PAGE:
The Frenchville Historical Society's "Caboose" was originally built by the Pullman Co. in December 1943 as a "Troop Sleeper Car" (#7605). After the war, on October 21, 1949, it was obtained by the B & A Railroad for $7,522.00 and was taken to their Derby Shops to be refitted as a caboose. It was given the new car number C-87.
The car was supplied with Westinghouse air brakes and initially was relatively austere, with no electricity or refrigerator. The overall weight of the car is approximately 71,000 pounds. The cabin oil heater that is currently in the car was installed June 9, 1960. There is no information on earlier heating. As recently as February 1981, the caboose was still in service with the B & A Railroad.
Following inquiries and discussions with the B & A, the historical Society was fortunate to receive this (now out-of-service) caboose as a donation in the Fall of 1988. A site was prepared between the old "Green Water Tank" and the train station house. The outside was in need of sanding and painting, which was taken on by Bruce Thibeault as an Eagle Scout project. Many hours of volunteer labor also went in to refinish the outside and inside. Since that time, books, antiques, and other Frenchville memorabilia have been added for visitors to view.
The "The Green Water Tank" as it is affectionately called, is often used as the vantage point for directing newcomers in town. Built in 1910 by the B & A Railroad and put into operation in December of that year, the water tower has a capacity of 50,000 gallongs. It is constructed of redwood, with steel reinforcing rods; the room underneath the tower was used for storage and had a coal stove for heat to insure that the water did not freeze. By 1958 the diesel locomotive had replaced the old steam "iron horse", and the tower was no longer needed by the railroad. The Town of Frenchville purchased the tank from the B & A and used it for many years as a water reservoir by the fire department.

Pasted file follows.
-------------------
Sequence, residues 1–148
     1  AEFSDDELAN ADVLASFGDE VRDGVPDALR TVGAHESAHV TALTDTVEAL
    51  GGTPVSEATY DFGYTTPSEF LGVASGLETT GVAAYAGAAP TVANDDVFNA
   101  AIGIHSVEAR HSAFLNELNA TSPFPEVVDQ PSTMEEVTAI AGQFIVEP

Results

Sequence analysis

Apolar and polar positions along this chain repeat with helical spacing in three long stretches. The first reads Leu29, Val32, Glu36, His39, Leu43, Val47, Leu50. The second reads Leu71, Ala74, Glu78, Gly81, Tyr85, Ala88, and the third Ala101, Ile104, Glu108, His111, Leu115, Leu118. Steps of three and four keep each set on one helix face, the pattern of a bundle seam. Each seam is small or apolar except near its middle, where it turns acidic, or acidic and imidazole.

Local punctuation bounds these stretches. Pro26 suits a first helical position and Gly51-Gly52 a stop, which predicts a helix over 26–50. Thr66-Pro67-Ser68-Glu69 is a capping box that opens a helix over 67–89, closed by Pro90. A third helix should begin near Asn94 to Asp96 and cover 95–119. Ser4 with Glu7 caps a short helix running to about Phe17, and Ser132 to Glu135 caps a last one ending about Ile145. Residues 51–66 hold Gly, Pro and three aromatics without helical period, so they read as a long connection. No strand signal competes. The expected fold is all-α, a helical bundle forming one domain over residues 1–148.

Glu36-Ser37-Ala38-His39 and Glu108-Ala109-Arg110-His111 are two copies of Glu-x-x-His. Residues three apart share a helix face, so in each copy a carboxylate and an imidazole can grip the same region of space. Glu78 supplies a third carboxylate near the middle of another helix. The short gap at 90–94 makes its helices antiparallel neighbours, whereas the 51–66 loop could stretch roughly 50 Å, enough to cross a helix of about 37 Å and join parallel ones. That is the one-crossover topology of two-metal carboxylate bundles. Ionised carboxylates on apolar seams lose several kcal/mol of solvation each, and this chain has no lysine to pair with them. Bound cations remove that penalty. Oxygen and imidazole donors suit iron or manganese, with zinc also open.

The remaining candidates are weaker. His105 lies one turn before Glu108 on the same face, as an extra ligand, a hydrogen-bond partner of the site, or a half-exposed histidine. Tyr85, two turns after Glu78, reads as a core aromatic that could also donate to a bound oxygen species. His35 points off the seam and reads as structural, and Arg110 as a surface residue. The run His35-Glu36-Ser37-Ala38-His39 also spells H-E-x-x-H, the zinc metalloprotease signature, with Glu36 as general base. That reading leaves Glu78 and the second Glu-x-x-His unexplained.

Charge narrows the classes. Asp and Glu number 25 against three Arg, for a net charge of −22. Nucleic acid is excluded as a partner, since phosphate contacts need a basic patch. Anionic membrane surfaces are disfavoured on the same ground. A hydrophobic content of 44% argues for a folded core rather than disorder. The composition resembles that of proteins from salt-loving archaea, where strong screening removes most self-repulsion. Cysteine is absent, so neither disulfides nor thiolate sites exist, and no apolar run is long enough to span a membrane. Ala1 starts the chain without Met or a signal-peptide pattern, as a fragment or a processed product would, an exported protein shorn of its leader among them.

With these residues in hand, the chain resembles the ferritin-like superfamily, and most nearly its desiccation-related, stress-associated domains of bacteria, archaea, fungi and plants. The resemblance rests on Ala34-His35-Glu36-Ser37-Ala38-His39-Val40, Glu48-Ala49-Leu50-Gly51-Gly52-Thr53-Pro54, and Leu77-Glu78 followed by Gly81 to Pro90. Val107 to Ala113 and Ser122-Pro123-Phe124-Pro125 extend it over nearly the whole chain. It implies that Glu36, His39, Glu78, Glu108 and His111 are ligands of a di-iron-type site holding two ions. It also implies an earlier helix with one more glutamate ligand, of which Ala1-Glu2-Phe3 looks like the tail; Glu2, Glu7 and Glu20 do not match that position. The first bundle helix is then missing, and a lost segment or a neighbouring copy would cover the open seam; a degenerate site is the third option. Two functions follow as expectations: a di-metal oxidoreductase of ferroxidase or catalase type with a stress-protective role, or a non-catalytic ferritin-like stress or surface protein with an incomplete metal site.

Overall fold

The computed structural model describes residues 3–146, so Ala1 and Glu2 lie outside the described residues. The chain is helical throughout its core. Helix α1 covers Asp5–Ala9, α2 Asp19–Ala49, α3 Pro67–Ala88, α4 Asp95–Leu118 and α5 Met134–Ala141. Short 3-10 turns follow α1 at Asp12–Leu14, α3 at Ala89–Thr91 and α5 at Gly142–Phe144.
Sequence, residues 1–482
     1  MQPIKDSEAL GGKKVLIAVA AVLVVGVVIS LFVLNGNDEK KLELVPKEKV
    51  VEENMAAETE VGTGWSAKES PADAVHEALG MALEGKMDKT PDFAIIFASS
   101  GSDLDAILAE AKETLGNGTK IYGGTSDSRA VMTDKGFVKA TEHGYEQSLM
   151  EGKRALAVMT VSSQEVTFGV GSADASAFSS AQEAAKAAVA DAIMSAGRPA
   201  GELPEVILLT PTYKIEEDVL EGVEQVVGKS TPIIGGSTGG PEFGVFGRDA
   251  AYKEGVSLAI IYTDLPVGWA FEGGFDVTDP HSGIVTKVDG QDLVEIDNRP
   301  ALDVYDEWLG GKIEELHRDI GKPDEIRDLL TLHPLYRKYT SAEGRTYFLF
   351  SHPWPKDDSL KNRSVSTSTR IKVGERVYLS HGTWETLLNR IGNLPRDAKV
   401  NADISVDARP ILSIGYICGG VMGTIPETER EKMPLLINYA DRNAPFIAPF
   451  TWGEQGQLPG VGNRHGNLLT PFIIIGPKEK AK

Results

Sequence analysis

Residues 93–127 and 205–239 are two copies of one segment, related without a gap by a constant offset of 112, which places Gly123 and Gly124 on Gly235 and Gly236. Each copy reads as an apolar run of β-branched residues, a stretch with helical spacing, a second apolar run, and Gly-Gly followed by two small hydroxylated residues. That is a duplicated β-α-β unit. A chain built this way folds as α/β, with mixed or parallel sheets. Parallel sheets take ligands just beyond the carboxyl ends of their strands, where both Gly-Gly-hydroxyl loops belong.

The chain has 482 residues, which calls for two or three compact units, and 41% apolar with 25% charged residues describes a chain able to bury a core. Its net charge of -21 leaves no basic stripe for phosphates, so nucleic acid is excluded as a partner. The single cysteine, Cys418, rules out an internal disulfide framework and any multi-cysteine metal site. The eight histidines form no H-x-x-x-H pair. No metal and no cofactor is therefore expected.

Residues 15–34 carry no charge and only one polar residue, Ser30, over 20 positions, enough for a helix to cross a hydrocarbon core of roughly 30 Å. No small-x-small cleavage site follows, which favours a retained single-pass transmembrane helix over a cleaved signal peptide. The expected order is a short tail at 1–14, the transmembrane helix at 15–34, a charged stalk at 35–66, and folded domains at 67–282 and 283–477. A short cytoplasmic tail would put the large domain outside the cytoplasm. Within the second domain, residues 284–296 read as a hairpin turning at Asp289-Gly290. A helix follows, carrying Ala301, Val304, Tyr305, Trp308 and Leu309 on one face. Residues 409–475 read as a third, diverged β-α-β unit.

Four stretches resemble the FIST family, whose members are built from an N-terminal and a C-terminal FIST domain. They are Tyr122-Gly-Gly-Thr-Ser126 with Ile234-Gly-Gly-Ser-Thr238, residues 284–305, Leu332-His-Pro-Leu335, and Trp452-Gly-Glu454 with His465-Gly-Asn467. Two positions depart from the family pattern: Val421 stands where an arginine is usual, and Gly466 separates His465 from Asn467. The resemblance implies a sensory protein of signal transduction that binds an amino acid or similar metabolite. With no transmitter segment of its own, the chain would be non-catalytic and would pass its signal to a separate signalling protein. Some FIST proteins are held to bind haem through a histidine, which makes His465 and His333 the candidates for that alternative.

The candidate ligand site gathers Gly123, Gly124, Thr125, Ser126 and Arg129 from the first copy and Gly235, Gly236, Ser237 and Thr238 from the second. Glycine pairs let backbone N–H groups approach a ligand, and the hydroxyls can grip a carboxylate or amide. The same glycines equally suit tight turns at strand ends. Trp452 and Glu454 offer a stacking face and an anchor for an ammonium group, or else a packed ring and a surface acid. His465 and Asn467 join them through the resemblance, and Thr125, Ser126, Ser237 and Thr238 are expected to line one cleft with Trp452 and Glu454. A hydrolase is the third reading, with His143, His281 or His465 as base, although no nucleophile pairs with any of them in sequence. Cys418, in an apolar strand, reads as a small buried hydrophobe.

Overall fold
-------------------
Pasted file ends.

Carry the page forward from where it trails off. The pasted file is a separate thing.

In its early days of use, trains would stop at the tank for a "fill her up" pit stop. Carrying wood products, and even providing passenger service. The Frenchville Fire Dept. discontinued their use of the water tank in 1981. In 1985, a quasi-historical society was formed and took over caring for the tower. Volunteer crews were formed to repair the metal bands which support the top portion of the tank and fresh coat of paint was applied. In 1988 the Society was incorporated and with the aid of Boy Scouts Troop #270 - with over 300 hours of hard work - the outside of the tower was refurbished. In 1992 a cement floor was laid in the base and several donated artifacts are now stored inside.
In 1995, the "Green Water Tank" was listed in the National Register of Historic Places.
Also built in 1910, the "Station House" stands next to the water tower. The first station agent was Maxime Chasse, whose tenure lasted from December 31, 1910 to November 28, 1921. He was followed by Joseph P. Babin from December 20, 1921 to April 30, 1946, and then by Hercules Levesque from April 19, 1946 to August 31, 1970. As agents, their duties included knowing the routes, rates, and the availability of cars for freight shipment. They were responsible for shipping and receiving as wee as delivery, and had to provide conductors with switching lists, keep a record of car seals, and be responsible for all freight selling activities in town. The last agent in Frenchville was Delsie Charette, who oversaw the retirement of the station in 1971. Subsequently the B & A Railroad sold the station house to Gerard Raymond. As with the water tower, the railroad company maintains ownership of the land.
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